If you're going to do something, do it right. From the start.
State officials agree, and have said repeatedly, that rebuilding Nassau County's Bay Park sewage treatment plant should include both an outfall pipe to carry effluent out to the Atlantic Ocean AND a nitrogen removal system to minimize pollution. But they're not saying that anymore. And it's bad news.
The state now is proposing to take $150 million in federal funding intended for nitrogen removal at the plant and divert it for the pipe, which could take up to 10 years or longer to build. Officials say the $450 million pipe is the bigger priority and insist they are not abandoning the process called denitrification. But it's clear their commitment has weakened. This is wrongheaded.CartoonDavies' latest cartoon: Transition of powerCommentSubmit your letterReader essaysGet published in Newsday
While ongoing repairs at the plant have cut nitrogen by half, there's still too much to risk another decade of dumping into the imperiled western bays. And simply extending the pipe to the ocean means moving the pollution, not reducing it. Adding a nitrogen removal system, if that ever even happens, would be more expensive after the plant is rebuilt. Denitrification is recommended by the Environmental Protection Agency and is what modern plants do. Northport's facility just added the technology. So did the Great Neck plant that opened last year. Both are tiny compared with Bay Park -- but they did it because of the impact their effluent was having on their waters.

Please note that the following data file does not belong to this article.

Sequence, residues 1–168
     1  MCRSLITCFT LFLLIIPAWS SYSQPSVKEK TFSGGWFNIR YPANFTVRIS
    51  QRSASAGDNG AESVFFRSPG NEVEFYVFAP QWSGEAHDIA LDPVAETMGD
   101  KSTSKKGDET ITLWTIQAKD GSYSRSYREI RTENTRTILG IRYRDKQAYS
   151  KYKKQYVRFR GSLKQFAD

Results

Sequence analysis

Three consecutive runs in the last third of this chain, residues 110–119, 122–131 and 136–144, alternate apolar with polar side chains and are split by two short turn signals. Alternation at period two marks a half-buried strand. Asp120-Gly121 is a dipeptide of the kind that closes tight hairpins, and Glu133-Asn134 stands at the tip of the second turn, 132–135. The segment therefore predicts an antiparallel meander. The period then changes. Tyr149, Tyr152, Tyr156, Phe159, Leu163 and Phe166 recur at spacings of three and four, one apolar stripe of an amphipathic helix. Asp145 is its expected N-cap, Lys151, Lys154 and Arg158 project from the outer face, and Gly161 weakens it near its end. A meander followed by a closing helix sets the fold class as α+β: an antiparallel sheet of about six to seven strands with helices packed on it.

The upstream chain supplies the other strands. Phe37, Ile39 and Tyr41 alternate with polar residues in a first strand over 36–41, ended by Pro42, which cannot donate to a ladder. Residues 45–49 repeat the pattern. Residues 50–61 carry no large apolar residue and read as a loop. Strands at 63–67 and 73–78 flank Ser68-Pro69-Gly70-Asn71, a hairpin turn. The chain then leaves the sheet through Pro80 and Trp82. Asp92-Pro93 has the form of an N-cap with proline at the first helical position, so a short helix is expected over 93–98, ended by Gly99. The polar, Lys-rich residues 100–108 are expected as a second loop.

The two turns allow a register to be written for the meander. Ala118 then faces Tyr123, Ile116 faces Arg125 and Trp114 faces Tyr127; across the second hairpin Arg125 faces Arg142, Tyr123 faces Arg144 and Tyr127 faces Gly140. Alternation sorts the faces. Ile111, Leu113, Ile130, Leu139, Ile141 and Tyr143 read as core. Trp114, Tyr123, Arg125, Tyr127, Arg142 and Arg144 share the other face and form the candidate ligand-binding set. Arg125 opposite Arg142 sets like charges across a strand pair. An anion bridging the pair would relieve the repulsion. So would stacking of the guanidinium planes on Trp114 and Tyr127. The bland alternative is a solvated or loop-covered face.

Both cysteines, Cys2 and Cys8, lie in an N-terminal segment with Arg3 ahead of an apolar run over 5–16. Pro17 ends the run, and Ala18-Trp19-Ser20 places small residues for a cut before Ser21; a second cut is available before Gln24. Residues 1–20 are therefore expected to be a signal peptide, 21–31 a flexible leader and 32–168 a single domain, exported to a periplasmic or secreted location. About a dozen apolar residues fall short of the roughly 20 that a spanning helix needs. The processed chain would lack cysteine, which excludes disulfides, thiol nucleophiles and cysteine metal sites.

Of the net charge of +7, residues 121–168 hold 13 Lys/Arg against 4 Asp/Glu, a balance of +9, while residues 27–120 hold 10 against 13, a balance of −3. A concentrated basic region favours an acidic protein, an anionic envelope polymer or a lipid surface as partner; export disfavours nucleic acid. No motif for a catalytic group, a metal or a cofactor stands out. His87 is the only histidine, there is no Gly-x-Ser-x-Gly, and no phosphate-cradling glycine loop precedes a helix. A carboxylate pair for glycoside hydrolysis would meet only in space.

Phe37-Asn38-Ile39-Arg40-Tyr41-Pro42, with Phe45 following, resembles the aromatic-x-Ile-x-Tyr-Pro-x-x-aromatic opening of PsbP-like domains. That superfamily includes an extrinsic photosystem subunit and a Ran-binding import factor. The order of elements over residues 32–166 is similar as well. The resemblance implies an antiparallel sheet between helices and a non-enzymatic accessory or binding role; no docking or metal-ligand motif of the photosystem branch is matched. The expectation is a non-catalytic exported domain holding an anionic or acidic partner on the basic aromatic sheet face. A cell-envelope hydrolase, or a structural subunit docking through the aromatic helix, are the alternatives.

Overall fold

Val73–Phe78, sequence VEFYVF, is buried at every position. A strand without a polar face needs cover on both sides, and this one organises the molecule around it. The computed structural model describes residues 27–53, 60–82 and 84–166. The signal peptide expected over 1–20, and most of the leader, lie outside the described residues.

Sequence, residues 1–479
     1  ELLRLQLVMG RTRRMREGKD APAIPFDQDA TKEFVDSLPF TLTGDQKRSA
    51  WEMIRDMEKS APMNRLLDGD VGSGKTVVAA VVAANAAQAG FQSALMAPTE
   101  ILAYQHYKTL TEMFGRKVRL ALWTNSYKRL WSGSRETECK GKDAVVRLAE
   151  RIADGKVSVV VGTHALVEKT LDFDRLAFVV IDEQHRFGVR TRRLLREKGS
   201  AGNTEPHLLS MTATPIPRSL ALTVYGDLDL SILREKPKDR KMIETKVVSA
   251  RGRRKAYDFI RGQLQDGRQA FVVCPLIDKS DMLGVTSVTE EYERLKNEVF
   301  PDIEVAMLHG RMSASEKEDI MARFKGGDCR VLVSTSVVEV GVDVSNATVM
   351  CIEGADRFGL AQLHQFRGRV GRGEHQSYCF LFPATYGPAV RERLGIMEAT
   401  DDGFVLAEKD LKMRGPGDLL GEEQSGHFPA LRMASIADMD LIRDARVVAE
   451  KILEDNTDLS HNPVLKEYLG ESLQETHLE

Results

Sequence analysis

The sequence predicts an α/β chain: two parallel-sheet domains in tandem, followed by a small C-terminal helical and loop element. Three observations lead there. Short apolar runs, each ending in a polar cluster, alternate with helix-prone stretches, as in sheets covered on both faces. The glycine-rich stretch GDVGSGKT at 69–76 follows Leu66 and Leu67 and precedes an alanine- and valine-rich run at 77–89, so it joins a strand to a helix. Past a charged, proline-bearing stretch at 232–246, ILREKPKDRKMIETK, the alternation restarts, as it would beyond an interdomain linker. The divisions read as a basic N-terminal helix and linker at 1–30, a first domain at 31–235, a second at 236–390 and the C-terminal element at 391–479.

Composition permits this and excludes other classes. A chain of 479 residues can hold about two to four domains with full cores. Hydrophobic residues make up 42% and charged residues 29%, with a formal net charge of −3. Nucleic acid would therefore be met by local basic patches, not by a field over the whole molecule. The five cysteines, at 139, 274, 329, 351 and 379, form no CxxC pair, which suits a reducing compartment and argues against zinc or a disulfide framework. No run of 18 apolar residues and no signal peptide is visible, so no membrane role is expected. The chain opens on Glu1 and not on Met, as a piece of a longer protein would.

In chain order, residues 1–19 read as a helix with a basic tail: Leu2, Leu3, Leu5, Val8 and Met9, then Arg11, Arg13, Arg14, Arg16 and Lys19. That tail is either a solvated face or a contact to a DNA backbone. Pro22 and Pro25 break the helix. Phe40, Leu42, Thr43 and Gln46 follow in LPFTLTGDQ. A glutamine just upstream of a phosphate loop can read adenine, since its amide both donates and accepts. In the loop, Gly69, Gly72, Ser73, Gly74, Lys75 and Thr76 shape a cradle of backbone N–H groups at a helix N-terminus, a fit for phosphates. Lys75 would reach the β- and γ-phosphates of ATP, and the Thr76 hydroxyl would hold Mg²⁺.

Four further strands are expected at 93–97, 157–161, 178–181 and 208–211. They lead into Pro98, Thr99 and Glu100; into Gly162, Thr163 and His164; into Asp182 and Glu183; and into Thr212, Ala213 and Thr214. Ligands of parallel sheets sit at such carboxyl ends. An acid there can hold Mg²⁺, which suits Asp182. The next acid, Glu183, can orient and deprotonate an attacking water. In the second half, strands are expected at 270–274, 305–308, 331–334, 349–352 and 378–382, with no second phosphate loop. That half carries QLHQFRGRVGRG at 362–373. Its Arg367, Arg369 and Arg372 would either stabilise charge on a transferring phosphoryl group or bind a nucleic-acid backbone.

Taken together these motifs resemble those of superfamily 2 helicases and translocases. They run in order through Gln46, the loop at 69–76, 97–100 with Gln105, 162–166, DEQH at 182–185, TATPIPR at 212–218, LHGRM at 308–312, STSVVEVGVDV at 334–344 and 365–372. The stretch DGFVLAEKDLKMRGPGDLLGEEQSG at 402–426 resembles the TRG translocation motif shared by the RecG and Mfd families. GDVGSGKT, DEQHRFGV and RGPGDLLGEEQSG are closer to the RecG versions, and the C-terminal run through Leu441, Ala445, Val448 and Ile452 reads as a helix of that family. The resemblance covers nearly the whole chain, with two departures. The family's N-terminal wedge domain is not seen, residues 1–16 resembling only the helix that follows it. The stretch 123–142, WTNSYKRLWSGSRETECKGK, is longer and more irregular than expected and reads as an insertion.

State environmental officials know this and agree. But they also need to fund the pipe and have been struggling to get Nassau, which owns Bay Park, to do its share. The state is applying for $150 million from a federal national competition for resiliency projects, but getting that full amount is unlikely. The county now agrees to cover its own $150 million. But instead of using the nitrogen money to plug the remaining gap for the pipe, Nassau should cover the difference, too. The Bay Park sewer district serves 550,000 residents, as well as businesses with 87 million square feet of space; a 30-year bond spread across the district should not be an exorbitant cost. And it's only fair. The primary beneficiaries of Bay Park should foot a share of the bill.
But the county's stance was reflected this week when Norma Gonsalves, the presiding officer of the Nassau legislature, told the Newsday editorial board that the state and federal governments are not doing their part to help Nassau and should give the county the money for the pipe. This after the county got $900 million in federal funding funneled through the state to repair the Sandy-battered plant. And this after Nassau's yearslong refusal to upgrade Bay Park. The county's noncompliance with the Clean Water Act is the reason Reynolds Channel and the South Shore bays are an ecological disaster.
The state is right to seek whatever federal aid it can get for the outfall pipe. And if it has some funds to contribute, it should. But the money designated for nitrogen removal should be used for that. Leave it alone. It's high time Nassau finally takes responsibility for the heinous problem it created and assume the lion's share of this bill. The county made this mess, it should be paying to clean it up.